A January study in 2020 by researchers from the National Institute of Health’s (NIH) National Institute of Environmental Health Sciences and the National Cancer Institute found that there was no statistically significant association between talc and other powders for use on genitals and ovarian cancer in women.
Although the study found a small increase in ovarian cancer risk with genital powder use, it was not deemed statistically significant. Major limitations of the study include subject demographics, frequency of powder use, and type of powder used. Researchers studied a predominately white population, despite a much higher use of talcum powder amongst African-American populations. The only measure of frequency was at least once per week, and the brand/ingredients in the powder were neglected. Further research should take these factors into account.
The study pooled data from four different studies using four U.S. based cohorts (1976-2016, 1989-2017, 2003-2017, 1993-2017). There were a total of 252,744 women with a median age of 57, and 38% self-reported their use of powders. Powder use was tracked long term for about 20 years on average, with a frequency of at least once a week. The researchers used a median follow up of 11.2 years, representing a total of about 3.8 million person-years of risk. 2168 of the women developed ovarian cancer during this time period (58 cases/100,000 person-years). There were 62 cases/100,000 p-y among users versus 55 cases/100,000 p-y. The risk difference for ovarian cancer at age 70 was about 0.09% with a hazard ratio (HR) of 1.08. When splitting the data between long term and frequent use, long term use had a HR of 1.01 versus frequent use with an HR of 1.09. The HR between women using powders with an intact reproductive tract versus women using powder without was 1.13.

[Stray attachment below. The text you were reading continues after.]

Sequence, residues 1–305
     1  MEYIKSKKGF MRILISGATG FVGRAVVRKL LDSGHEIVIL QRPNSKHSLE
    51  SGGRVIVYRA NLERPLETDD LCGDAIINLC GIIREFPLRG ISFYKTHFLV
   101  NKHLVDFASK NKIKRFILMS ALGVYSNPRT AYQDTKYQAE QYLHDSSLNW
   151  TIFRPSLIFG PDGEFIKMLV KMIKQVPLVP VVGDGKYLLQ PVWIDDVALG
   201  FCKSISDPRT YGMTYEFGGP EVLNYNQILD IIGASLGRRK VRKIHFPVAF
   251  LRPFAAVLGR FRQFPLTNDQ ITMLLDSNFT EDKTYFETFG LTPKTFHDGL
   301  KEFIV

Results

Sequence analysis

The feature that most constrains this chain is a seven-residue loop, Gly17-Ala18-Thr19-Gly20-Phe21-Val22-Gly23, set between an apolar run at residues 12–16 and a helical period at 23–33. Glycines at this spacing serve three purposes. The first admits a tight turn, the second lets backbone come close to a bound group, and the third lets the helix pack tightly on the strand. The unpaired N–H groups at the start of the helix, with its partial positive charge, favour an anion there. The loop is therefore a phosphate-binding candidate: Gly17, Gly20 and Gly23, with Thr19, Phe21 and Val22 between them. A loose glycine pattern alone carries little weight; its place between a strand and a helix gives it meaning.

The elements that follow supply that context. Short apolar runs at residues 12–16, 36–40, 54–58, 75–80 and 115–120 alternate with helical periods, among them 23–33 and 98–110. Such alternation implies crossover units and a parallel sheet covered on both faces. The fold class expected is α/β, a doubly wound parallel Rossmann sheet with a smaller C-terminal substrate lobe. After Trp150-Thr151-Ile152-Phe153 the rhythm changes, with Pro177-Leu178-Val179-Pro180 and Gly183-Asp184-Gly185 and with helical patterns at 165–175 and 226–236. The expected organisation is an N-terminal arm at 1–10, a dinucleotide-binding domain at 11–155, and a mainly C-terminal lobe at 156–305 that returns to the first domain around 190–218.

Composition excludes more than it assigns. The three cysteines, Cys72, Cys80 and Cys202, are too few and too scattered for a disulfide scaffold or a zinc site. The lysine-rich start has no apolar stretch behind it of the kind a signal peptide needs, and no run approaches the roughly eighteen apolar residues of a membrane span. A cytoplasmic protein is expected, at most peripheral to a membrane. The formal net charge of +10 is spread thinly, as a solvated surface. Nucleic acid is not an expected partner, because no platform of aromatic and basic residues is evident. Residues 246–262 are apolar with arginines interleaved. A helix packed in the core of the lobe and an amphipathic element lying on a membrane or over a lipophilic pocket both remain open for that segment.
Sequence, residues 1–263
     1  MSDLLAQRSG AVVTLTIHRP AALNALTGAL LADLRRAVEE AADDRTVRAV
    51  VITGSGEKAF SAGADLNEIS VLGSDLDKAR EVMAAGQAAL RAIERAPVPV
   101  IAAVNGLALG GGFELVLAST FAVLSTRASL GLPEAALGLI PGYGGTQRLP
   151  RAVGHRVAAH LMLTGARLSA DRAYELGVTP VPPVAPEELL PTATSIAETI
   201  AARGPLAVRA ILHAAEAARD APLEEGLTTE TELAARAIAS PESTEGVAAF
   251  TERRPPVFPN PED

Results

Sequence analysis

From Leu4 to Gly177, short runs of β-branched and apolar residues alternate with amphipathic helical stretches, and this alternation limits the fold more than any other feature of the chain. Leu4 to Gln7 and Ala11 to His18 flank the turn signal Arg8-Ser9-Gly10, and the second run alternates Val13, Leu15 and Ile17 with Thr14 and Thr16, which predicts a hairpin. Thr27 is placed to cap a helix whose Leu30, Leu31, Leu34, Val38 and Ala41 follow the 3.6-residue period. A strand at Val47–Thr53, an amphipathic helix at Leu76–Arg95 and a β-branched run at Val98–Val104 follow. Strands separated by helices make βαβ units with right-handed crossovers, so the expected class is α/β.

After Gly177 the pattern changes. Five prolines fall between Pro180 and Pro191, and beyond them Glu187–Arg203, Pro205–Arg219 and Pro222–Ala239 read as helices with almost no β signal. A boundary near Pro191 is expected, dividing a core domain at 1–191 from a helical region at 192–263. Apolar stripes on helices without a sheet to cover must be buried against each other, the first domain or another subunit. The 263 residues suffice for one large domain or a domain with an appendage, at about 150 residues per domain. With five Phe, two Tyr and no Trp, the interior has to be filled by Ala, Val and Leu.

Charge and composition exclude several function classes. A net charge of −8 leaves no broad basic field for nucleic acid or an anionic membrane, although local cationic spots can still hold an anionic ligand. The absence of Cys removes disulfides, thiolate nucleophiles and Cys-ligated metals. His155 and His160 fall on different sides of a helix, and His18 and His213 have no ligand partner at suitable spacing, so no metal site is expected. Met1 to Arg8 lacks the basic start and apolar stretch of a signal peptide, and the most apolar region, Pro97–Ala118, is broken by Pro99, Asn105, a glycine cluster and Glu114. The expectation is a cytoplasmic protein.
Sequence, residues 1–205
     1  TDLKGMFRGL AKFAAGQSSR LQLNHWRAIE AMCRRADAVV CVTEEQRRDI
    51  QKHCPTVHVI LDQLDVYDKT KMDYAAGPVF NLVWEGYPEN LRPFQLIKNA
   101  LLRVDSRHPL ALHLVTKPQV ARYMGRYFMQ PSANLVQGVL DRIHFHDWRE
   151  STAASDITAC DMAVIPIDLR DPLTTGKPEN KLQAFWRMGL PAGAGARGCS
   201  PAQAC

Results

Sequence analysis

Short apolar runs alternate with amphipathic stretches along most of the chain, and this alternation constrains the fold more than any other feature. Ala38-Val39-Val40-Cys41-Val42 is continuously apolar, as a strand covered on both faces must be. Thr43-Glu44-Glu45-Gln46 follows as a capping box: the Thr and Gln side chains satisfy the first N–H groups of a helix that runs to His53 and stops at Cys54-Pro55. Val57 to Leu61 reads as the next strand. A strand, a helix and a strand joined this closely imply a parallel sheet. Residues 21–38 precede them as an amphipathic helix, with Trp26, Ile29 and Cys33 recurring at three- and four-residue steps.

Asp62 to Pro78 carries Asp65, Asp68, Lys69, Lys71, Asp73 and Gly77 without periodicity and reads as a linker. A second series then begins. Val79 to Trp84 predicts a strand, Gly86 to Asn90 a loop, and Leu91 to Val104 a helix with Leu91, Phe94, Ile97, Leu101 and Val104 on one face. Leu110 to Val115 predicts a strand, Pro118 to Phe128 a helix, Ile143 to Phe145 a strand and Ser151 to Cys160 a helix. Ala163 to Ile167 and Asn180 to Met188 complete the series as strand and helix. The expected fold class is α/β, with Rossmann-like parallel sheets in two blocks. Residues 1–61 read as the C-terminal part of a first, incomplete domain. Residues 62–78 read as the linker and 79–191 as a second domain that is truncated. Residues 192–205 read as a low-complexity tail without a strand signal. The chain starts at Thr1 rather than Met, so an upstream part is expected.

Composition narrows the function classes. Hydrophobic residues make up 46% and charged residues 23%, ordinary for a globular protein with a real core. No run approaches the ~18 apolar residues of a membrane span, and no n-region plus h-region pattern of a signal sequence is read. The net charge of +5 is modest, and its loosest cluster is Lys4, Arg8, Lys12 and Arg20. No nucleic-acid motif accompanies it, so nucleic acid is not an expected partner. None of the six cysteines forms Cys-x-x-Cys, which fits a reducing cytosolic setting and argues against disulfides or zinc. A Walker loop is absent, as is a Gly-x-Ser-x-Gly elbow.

The takeaway from the study was that women who used powders had a 0.09% increased risk of ovarian cancer by age 70 versus women who never used powders. For women who used powders and still had an intact reproductive tract, they had a 0.15% increased risk by age 70 versus women who used powders and did not have an intact reproductive tract.
However, the study is severely limited. The population of women studied was mostly white, underrepresenting minority women who might or might not have a higher usage of talc powders on average compared to white women. According to Reuters, in 2006, nearly 60% of African-Americans used Baby Powder compared to about 30% for the overall population. Additionally, the study could not fully identify how often the women used powders beyond identifying those who used it at least once per week, and they did not log the duration of powder application for anyone. The study did not differentiate between different brands of powders or the ingredients in each kind of powder used. The study also had a very small sample of women who developed ovarian cancer, underpowering the study relative to the large study population.
Based on these limitations, the study cannot properly establish the presence or lack of presence of an association between talc and other genital powders and ovarian cancer. It would not be proper to use this study to say there is no association, nor would it be appropriate to reinterpret the study to say there is an association.